Overview of the 21st Century
Digital History ID 2927
Events since 2000 underscore the utter unpredictability of the future. The 2000 election was the first in 112 years in which a president lost the popular vote but captured enough states to win the electoral vote. It took five weeks to determine the election's outcome, which hinged on a few hundred votes in Florida. By a 5-4 majority, the U.S. Supreme Court halted a recount ordered by the Florida Supreme Court on the grounds that it violated the principle that all votes must be treated equally and that there was not enough time to conduct a new manual recount that would meet constitutional muster.
The new president, George W. Bush, described himself as a “compassionate conservative” committed to the principles of limited government, personal responsibility, strong families, and local control. He proposed to improve public schools by insisting on competency testing. Under his proposed “faith-based initiative,” religious institutions would be able to compete for government funds to provide social services. A major legislative success involved cutting taxes. But terrorist attacks that took place on September 11, 2001, would reshape the direction of his presidency.
On September 11, hijackers turned commercial airlines into missiles and attacked key symbols of American economic and military might. These hideous attacks leveled the World Trade Center towers in New York, destroyed part of the Pentagon, and left Americans in a mood similar to that which the country experienced after the devastating Japanese attack on the American fleet at Pearl Harbor in 1941.
In retaliation for the attacks, a U.S.-led coalition overthrew the Taliban government of Afghanistan, which harbored al-Qaeda, the terrorist networks that had staged the assaults. Congress enacted legislation giving law enforcement agencies broader authority to detain or deport aliens and to conduct wiretaps. It also created a cabinet-level Department of Homeland Security to reduce the country's vulnerability to terrorism.
On March 20, 2003, the United States and a coalition of Allies went to war against Iraq, one of the countries (along with Iran and North Korea) that President Bush regarded as part of an "axis of evil." The invasion did not receive United Nations' backing, which might have provided greater international legitimacy to take out Hussein's regime. Iraq’s military, severely weakened during the 1991 Persian Gulf War, quickly collapsed before coalition forces. On May 1, 2003, Bush told the American people that “major combat operations in Iraq have ended.” At that juncture, 137 American military personnel had been killed.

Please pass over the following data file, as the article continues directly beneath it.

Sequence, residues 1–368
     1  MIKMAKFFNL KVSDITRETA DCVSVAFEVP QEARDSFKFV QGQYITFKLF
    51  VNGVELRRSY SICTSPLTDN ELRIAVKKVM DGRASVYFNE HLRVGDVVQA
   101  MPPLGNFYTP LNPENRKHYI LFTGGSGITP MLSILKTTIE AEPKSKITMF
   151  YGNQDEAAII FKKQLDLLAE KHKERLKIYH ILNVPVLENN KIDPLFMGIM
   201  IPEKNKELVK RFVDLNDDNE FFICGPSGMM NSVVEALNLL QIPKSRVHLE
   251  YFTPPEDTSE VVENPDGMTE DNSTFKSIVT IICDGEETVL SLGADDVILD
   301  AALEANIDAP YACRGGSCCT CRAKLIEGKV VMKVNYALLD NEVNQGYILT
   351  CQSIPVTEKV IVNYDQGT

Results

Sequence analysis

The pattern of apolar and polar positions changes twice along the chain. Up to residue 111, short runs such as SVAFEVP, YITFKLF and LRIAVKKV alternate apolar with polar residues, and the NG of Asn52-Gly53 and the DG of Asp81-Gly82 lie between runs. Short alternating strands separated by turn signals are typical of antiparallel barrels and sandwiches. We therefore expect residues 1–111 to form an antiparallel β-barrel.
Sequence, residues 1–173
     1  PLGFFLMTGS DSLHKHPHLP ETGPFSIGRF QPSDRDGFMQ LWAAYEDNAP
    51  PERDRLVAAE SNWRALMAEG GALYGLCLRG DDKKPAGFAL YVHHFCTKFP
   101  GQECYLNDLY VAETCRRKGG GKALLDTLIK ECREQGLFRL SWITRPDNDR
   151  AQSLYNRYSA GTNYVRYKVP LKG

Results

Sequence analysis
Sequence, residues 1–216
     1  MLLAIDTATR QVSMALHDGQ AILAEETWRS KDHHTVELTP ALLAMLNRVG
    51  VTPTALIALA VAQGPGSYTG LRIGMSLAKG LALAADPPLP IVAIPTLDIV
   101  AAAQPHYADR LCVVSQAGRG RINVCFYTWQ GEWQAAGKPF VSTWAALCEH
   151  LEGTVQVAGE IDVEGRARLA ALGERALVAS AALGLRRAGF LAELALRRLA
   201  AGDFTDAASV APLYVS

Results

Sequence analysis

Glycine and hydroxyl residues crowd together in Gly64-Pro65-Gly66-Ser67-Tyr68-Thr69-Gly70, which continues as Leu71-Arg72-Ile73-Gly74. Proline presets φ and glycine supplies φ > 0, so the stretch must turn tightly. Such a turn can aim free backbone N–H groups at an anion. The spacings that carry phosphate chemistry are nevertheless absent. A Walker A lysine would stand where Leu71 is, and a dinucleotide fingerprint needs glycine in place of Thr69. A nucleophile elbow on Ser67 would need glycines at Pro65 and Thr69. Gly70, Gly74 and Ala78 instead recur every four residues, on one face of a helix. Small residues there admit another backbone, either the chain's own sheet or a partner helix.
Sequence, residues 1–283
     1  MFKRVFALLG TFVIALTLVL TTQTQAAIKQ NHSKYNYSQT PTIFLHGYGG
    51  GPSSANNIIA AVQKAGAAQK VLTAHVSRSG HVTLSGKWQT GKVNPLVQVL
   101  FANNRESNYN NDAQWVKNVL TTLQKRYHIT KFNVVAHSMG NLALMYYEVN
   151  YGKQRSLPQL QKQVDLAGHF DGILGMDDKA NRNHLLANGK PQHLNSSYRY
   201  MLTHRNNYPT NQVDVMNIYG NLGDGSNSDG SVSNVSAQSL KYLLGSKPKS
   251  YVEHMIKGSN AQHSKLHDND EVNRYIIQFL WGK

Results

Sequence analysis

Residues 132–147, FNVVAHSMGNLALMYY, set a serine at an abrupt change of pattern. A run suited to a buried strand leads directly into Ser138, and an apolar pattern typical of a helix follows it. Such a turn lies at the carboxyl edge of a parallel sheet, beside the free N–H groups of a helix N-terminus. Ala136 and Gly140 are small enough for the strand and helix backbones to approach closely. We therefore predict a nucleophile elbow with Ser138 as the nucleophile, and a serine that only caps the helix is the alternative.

More than three years after toppling Hussein's government, U.S. and coalition troops were fighting insurgent forces, made up of remnants of the old regime, disgruntled Sunni and Shiite Iraqis, and terrorists who had infiltrated the country. By March 2006, more than 2,300 American troops had died in Iraq.
In 2004, as in the election of 2000, a single state decided the outcome of the presidency, based on the distribution of electoral votes. Ohio’s 20 votes gave Bush the margin of victory over Sen. John Kerry of Massachusetts. Still, with a 3.5 million popular vote margin, Bush won the first outright majority in the popular vote for president in 16 years, and the Republican Party succeeded in expanding GOP majorities in the House and Senate.
The Republicans succeeded by galvanizing more supporters than did the Democrats, especially among religious conservatives concerned about moral values. It seemed likely that the decision by the Massachusetts Supreme Court to legalize gay marriage--which led 11 states to vote on initiatives banning gay marriage--helped the Bush campaign mobilize religious voters.
President Bush's top priority in his second term was to end the insurgency in Iraq. He also announced an aggressive domestic policy agenda that included promoting energy production and allowing younger workers to divert part of their Social Security taxes into personal investment accounts, making permanent the $1.9 trillion tax cuts he won in his first term. Although he had several successes, including a revamping of bankruptcy laws, placing restrictions on class-action lawsuits, and proposing energy legislation, many of his other proposals, especially his plan to reform Social Security, faced stiff resistance from Democrats in Congress.